Lovens Lauvore has completed his first year of college and is grateful for what it has taught him, “You get a good understanding of what is expected from you, and what school is like in larger, more dynamic University.” And though Lauvore had a successful year, his ambitions to transfer to Santa Barbara City College will be met in the fall, for the start of a new school year.

Rebecca Nour works in the Cooper Memorial Library, which is conveniently located on the LSSC South Lake campus. In between checking out guest with their books, Nour tells me of an eight page paper she has to finish and a five minute presentation she has to prepare. Nour has always been a hard worker and that is part of the reason why she is dual-enrolled, attending East Ridge High School when she is not at Lake-Sumter. Nour says she likes attending both schools, “I am able to advance in my educational career and get college credit while still be in high school,” and now she is contemplating which classes to take next term.

When asked what they would have changed or done differently about this semester, universally the answer was “try harder.” In any situation, all you can do is try your best, and by the looks of it, these students are on to even more achievements that what they have already accomplished. Congratulations to everyone on another successful semester, and may prosperity follow for the summer and fall term.

Thursday, April 24, 2014

LSSC Math Emporium is coming to LSSC

By: Kevin Trinidad, South Lake  
Photo By: Kevin Trinidad 

Patricia Velez standing in the soon-to-be math emporium.
In 2015, not only will Lithuania adopt the Euro currency and Queen Elizabeth II exceed Queen Victoria as the longest-reigning monarch, but the much anticipated South Lake Math Emporium will unveil. It will open in Jan. and act as an embarkation for the New Year and new semester. The target audience is any student enrolled in Developmental Mathematics I, Developmental Mathematics II, Intermediate Algebra, and College Algebra.

The Community Room located on the second floor of building one that has been home to many events in the past, most recently with the spring Welcome Back bash, will now host the Math Emporium. Once students enter the double doors leading into the emporium, they will be welcomed by a large, highly technologically advanced laboratory style room with touch-screen computers and tables waiting to seat students ready to learn math.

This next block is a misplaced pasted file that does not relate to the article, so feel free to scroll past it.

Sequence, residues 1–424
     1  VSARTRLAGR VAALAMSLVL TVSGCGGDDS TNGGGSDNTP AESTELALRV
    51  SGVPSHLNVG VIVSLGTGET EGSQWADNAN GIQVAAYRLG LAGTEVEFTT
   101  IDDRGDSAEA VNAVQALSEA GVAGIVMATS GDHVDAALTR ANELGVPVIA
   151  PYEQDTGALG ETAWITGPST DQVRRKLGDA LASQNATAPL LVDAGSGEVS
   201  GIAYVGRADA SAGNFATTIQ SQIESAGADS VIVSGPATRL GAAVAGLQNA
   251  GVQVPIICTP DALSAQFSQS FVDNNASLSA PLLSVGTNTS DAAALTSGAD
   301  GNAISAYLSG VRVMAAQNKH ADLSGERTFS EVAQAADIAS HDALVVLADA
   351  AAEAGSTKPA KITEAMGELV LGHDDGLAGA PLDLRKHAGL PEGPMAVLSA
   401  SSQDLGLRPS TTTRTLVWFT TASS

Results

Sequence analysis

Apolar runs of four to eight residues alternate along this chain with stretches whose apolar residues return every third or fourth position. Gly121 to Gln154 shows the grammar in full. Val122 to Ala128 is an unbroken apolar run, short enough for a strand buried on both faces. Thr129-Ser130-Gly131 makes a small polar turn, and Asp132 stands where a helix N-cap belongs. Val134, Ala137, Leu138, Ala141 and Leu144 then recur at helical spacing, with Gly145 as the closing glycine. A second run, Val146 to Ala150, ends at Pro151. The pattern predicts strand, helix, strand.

The unofficial mantra of the emporium would be something along the lines of “math is the way of life.” Mrs. Sybil Brown, Assistant Professor of Mathematics at LSSC and Math Redesign Coordinator, indicates that “students [will be] engaged in working on their math homework, watching instructional videos, getting one-on-one assistance, taking tests and feeling a sense of accomplishment as they are given personalized, individual attention.” The emporium is strictly a math zone, so generally it would be the math way or the highway, except there is no highway, and that is why there will be a vast amount of assistance.

LSSC faculty members will have the opportunity to recommend students in higher level math courses that will serve as Peer Assistants. Students who have taken higher level math courses with the addition of an AA degree or higher will fill the role of Instructional Assistants. LSSC’s own current full-time and adjunct members will be Math instructors. Math Emporium Coordinators will be full-time employees who have the task of overseeing the daily functions operating the emporium and spare mathematics and technical assistance to students in need.